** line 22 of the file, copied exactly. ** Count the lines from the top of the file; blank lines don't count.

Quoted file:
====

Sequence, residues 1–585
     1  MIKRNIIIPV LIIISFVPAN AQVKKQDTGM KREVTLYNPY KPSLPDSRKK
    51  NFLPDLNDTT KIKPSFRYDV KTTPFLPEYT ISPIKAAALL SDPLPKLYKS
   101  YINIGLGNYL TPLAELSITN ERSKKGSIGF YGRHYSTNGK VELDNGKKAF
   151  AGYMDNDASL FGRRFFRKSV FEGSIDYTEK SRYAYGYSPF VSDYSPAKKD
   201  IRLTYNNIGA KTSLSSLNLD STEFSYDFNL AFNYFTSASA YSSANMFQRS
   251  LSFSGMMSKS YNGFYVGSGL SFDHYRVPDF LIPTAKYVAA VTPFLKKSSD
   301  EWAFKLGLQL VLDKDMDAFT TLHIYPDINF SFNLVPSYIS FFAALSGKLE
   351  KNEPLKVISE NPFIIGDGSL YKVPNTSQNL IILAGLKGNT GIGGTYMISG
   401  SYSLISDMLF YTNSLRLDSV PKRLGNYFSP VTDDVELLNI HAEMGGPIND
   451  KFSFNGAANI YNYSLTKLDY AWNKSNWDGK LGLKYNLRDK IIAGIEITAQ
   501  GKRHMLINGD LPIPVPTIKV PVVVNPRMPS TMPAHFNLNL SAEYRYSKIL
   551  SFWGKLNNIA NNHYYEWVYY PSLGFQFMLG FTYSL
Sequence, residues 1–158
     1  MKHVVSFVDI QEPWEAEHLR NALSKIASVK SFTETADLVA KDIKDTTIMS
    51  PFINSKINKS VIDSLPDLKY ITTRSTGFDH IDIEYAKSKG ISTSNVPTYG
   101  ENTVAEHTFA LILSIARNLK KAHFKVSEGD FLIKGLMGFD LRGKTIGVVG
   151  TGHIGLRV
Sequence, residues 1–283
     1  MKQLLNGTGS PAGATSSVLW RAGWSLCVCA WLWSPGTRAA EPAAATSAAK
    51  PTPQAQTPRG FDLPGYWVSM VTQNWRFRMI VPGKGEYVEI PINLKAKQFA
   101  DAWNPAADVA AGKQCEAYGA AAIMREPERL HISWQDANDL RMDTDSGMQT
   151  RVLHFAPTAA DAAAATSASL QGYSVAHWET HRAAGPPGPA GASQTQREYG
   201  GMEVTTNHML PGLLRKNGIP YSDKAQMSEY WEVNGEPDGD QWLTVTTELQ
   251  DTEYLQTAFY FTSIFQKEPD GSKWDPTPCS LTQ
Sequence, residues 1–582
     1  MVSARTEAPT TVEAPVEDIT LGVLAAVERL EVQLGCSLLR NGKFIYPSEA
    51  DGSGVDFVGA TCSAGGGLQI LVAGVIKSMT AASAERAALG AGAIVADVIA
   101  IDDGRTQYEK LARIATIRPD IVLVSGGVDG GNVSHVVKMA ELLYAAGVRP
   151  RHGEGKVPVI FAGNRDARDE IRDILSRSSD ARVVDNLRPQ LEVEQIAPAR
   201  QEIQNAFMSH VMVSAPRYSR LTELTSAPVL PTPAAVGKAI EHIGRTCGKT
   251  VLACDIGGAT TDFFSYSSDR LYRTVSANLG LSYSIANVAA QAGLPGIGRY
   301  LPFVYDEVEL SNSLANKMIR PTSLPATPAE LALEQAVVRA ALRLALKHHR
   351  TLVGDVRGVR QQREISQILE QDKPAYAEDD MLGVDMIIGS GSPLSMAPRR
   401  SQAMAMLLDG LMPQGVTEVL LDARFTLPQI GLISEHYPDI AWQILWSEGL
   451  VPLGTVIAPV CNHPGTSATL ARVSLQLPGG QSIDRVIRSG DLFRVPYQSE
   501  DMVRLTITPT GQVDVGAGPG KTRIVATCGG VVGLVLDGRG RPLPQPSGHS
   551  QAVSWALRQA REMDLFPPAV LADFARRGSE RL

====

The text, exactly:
   101  DAWNPAADVA AGKQCEAYGA AAIMREPERL HISWQDANDL RMDTDSGMQT